pneumoniae) from nutrient broth and under sterile conditions. Fifty microliter
of each concentration of A. nilotica fruit extract were added by automatic
pipettes to labeled wells and incubated at 37°C for 18-24 h. Inhibition
zones were measured using a ruler.
Out of hundred abscesses and wounds clinical specimens, 45 (45%) were Gram-positive cocci while 55(55%) were identified as Gram-negative rods. The Gram-positive cocci were further identified as Staphylococcus aureus (catalase and coagulase positive). The Gram-negative bacteria were identified further according to biochemical activities as E. coli (23), Proteus vulgaris (18), Klebsiella pneumoniae (12) and Pseudomonas aeruginosa (2).
The antibacterial activity of both ethanol and chloroform extracts from A. nilotica fruits against all test organisms was reduced with decrease of extracts concentrations. Staphylococcus aureus showed the highest inhibition zones (29 mm) with ethanol extract which was reduced gradually with reduction of extract concentration to 23 mm at 6.7%, 11 mm at 5%, 6.5 and 4.5 mm at concentrations 3% and 1.7%, respectively. The chloroform extract showed smaller inhibition zones, 18 mm at concentration 13% and 15 and 5 mm at concentrations 6.7 and 5%, respectively. The organism showed resistance towards chloroform extract at concentrations 3 and 1.7% (Table 1).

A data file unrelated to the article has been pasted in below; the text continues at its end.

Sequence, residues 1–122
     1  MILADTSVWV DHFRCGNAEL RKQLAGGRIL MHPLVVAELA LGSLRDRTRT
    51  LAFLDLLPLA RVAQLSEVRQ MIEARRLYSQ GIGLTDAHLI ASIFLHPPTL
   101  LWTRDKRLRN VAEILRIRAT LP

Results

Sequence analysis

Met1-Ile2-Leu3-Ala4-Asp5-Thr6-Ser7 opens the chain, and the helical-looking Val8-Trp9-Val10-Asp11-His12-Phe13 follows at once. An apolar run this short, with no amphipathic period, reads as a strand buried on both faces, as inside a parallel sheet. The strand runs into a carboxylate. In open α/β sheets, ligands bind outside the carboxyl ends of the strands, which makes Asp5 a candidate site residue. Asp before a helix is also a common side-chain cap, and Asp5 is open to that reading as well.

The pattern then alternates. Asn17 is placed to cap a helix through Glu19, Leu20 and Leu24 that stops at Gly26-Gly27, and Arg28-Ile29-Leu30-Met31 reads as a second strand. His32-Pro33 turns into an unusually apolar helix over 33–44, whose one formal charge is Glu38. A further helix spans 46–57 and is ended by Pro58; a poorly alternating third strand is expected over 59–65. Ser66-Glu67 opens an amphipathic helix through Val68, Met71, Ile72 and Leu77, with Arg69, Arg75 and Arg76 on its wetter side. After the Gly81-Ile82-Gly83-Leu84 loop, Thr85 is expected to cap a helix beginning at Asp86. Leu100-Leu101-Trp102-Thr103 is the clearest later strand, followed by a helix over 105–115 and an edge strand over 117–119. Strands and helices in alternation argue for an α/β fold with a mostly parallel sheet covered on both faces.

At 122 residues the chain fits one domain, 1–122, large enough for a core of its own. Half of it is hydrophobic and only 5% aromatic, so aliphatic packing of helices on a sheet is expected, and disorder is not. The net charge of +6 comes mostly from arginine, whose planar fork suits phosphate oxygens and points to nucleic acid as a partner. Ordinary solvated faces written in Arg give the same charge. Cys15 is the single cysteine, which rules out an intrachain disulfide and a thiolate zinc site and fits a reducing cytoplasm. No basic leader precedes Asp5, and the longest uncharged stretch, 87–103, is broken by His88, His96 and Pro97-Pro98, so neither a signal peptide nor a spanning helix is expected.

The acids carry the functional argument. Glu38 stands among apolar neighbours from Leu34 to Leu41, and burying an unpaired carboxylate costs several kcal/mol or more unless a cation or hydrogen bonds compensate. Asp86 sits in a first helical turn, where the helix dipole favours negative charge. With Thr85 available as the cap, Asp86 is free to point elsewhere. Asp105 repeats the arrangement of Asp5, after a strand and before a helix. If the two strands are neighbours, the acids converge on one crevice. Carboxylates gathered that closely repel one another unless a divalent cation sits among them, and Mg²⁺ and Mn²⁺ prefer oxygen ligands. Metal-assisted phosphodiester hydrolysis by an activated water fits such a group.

Escherichia coli had a marked sensitivity towards both ethanol and chloroform extracts except with 1.7% chloroform extract. This sensitivity was markedly reduced with decrease in extract concentration. On the other hand, Klebsiella pneumoniae showed marked resistance for both ethanol and chloroform extracts at concentrations of 5, 3 and 1.7%, it was only affected by 13 and 6.7% of the A. nilotica ethanol and chloroform extracts.
Proteus vulgaris tended to show the smallest inhibition zones at all
concentrations of both ethanol and chloroform extracts when compared with other
organisms. It also showed marked clear resistance against chloroform extracts
at 3 and 1.7% concentrations.
|| Anti-microbial activity of ethanol and chloroform extracts
from A. nilotica fruits against isolated organisms
|® = Resistant
|| Anti-microbial activity of some antibiotics against isolated
|® = Resistant; ND = Not Determined
The antimicrobial activity of ethanol and chloroform extracts from the A. nilotica fruits against Pseudomonas aeruginosa was more effective than both Klebsiella pneumoniae and Proteus vulgaris. All concentrations of ethanol and chloroform extracts showed inhibition zones except chloroform extract at concentrations of 3 and 1.7%.